The technology giants bet two years before the pandemic to turn Manhattan into the new Silicon Valley. Apple, Amazon, Facebook, and Google closed numerous leases, began construction of new buildings, and many of their employees bought apartments in the city.
The consolidation of teleworking that came later and the winds of recession that are blowing now have begun to make a dent in their intentions. Both Meta and Amazon have been the first to back down on expansion plans for their offices in the Big Apple.
The two technological titans they have paralyzed the negotiation of leases They planned to close this year. According to a Meta report published by Bloomberg, the company planned to acquire 30,000 square meters of additional space at 770 Broadway, in the East Village, where it already has several floors.
In a last-minute decision, Mark Zuckerberg’s company has decided not to sign the expansion of the space it was negotiating with the real estate agency Vornado Realty Trust, which would have led to a total of 75,000 square meters in the property.
Meta arrived at the building four years ago with a rental contract for 7,250 square meters and with the commitment to occupy around 50,000. The space that interested him was the old Verizon offices, but finally, and after announcing the rental agreement last April, he has decided not to sign. Thus, it remains with the 35,000 square meters that it has added since 2018.
This decision follows the recent halting its plans to build more offices in Hudson Yards, west of Midtown. The company did not want to comment on the details of this change of course. She just pointed out that she remains committed to her presence in New York City. This means concentrating its activity in the building of the historic James Farley post office, next to Penn Station, which it rented in 2020 and whose remodeling has not yet been completed.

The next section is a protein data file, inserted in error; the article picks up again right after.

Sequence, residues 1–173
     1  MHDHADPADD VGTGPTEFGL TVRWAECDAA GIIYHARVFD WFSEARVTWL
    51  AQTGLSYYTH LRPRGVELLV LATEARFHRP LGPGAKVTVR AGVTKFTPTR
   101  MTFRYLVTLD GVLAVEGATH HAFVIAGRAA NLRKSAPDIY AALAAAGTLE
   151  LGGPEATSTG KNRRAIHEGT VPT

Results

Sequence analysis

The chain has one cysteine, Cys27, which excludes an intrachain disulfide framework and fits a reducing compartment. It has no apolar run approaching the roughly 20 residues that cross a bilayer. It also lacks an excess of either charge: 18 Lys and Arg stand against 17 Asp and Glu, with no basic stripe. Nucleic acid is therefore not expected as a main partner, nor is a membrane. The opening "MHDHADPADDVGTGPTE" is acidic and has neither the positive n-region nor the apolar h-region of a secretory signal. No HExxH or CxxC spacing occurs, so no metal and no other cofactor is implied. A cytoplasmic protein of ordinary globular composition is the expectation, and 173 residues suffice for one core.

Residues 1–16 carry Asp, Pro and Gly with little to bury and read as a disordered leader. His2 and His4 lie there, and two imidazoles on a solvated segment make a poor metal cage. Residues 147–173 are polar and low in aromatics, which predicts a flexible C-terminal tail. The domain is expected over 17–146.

The ups and downs of Amazon
The e-commerce giant has also withdrawn its offer to lease an unspecified amount of space in the 5 Manhattan West building at Hudson Yards, which is tenanted by JPMorgan Chase. The banking giant put 9,300 square meters on the market there last year to sublet that have not yet been occupied.
It’s unclear how much space Amazon, which still has several leased offices in the area, planned to acquire. In 2019, the company leased 33,000 square meters at number 410 Tenth Avenue, owned at the time by the real estate company SL Green, which later bought 601W Companies for 952.5 million dollars (930.2 million euros).
Just before confinement paralyzed the world, Jeff Bezos’s company spent more than $1 billion for the Lord & Taylor office building at 424 Fifth Avenue, former WeWork headquarters, to make it its flagship. At the moment, the move is still pending.
This real estate operation took place a year after Amazon gave up on building its second headquarters in Long Island City due to the refusal of local politicians to grant it the tax advantages it demanded for the investment. The company then decided to distribute its offices in different parts of Manhattan.
The refusal to expand its space in New York is added to the recent stoppage of the construction of six new office buildings planned in Bellevue (Washington) and Nashville (Tennessee). The company made this decision to reevaluate the design to adapt it to hybrid work, according to John Schoettler, vice president of Global Real Estate and Facilities at Amazon.
The construction delay will not affect the commitment to create 25,000 jobs in Bellevue and another 5,000 in Nashville, Schoettler said. “The pandemic has significantly changed the way people work. Our offices are long-term investments and we want to design them in a way that will meet the needs of our employees in the future,” she said.
The two companies have thus decided to take a more cautious approach to their real estate expansion when the return to the 100% office in the US looks increasingly distant. New York still faces an office oversupply, with more than 18% of available space, despite a slight uptick in leases earlier in the year, according to second-quarter data from Savills Research.
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Amazon and Meta halt plans to expand Manhattan offices